Forgotten series: The Kwyet Kings – Cherrypie (1995)

All good Kinks fans need not be told this band’s name is a play on the British group’s Kwyet Kinks EP, which was released in the fall of 1965. The Kwyet Kings were obviously dedicated followers of Kinks fashion, and such an influence is not only evident in their handle, but their cool music as well.

Based out of Norway, the band came together in the early 1990s and went onto spawn a rope of singles, three full-length albums and a compilation of 45s during their livelihood, which lasted until the end of the decade.

As far as I’m concerned, there are no duds clogging the Kwyet Kings catalog, but their second album, Cherrypie, is the one that especially turns my crank.

Surging forth with nimble and quick performances, accented by a fetching fusion of belly-rumbling power pop rhythms and sugar-fueled garage rock energy, every song on the disc chimes, crunches and crackles with vim and vigor.

Tracks like “Twisting My Nerves,” “Walk You Home,” “Don’t Wanna Be In Love” and the title cut of the album cycle right in on the band’s grand gift for parenting airtight material. Fit as a marathon runner, there is not an ounce of fat or flab to be had here.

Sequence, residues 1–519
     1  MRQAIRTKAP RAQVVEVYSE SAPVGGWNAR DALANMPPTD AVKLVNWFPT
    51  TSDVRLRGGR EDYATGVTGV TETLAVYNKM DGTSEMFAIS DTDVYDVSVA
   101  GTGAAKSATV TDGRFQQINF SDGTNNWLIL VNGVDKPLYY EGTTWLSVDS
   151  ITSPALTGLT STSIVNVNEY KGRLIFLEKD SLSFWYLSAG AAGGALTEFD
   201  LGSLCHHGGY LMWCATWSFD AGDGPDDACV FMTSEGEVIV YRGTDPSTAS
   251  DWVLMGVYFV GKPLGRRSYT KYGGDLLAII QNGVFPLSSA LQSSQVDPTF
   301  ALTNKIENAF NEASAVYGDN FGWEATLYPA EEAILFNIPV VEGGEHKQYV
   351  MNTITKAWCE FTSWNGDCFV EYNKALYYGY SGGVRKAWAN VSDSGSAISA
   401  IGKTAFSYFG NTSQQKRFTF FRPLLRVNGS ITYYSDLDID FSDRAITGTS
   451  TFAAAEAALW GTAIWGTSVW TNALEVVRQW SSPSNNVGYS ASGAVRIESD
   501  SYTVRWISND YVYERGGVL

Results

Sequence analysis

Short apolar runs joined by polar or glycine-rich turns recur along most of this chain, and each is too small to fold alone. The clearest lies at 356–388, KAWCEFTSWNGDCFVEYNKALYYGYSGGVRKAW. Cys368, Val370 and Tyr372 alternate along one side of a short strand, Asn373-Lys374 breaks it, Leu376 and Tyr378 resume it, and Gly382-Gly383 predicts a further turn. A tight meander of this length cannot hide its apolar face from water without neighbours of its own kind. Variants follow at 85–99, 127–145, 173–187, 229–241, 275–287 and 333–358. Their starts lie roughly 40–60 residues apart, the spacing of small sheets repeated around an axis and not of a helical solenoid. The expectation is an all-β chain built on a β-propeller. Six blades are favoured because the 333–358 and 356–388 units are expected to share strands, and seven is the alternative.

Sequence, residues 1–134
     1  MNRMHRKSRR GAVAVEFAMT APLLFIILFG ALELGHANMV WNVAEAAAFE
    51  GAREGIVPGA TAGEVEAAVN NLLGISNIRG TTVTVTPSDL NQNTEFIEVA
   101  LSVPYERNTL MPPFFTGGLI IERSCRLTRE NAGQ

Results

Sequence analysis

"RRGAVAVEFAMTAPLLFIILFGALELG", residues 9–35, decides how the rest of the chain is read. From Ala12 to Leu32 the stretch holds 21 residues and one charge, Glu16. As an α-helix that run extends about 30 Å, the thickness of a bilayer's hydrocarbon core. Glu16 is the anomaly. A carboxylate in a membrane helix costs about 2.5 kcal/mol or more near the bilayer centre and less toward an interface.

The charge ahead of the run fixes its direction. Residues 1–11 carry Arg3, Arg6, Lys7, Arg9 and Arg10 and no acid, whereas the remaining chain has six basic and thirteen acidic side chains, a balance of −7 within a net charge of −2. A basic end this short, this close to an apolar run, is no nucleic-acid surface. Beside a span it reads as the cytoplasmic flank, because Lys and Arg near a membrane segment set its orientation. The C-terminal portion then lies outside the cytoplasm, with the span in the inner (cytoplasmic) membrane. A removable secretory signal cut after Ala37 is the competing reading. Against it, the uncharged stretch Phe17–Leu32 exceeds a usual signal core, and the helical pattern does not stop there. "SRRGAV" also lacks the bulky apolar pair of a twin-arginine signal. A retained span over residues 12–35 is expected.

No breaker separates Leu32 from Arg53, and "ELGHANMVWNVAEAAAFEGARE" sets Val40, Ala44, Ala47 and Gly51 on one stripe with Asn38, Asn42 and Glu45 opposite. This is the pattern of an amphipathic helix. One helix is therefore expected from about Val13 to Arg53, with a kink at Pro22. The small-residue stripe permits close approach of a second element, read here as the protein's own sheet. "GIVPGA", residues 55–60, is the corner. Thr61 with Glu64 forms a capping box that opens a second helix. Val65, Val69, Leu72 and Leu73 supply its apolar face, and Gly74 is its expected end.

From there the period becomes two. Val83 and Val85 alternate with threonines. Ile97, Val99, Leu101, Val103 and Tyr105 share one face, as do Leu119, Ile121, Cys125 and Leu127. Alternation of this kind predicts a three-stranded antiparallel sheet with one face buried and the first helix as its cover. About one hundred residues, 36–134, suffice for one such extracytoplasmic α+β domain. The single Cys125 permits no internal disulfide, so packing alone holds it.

The tunes, which share tales of love and lack of love, are short, compact and dangerously infectious. Choppy guitar riffs sit knee to knee with strident drum fills, while the vocals and harmonies are spunky and excitable.

Along with the noted Kinks reference, Cherrypie (Screaming Apple Records) also pays ample tribute to the Ramones, the Romantics and the Records. Though the sound and structure of the songs on the disc tend to be highly similar, the band’s passion and determination is so contagious that you’re sure to develop a serious addiction to these hummable nuggets. Containing more hooks than a fly fisherman’s tackle box, the sparkly songs combine pop instincts with a punk attitude in a wildly appealing manner.

The Kwyet Kings were a great band, and Cherrypie documents them at the top of their game.

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Beverly Paterson

Beverly Paterson was born the day Ben E. King hit No. 4 on the national charts with "Stand By Me" - which is ironically one of her favorite songs, especially the version by John Lennon. She has also contributed to Lance Monthly and Amplifier, and served as associate editor of Rock Beat International. Paterson's own publications have included Inside Out, and Twist And Shake. Contact Something Else! at reviews@somethingelsereviews.com.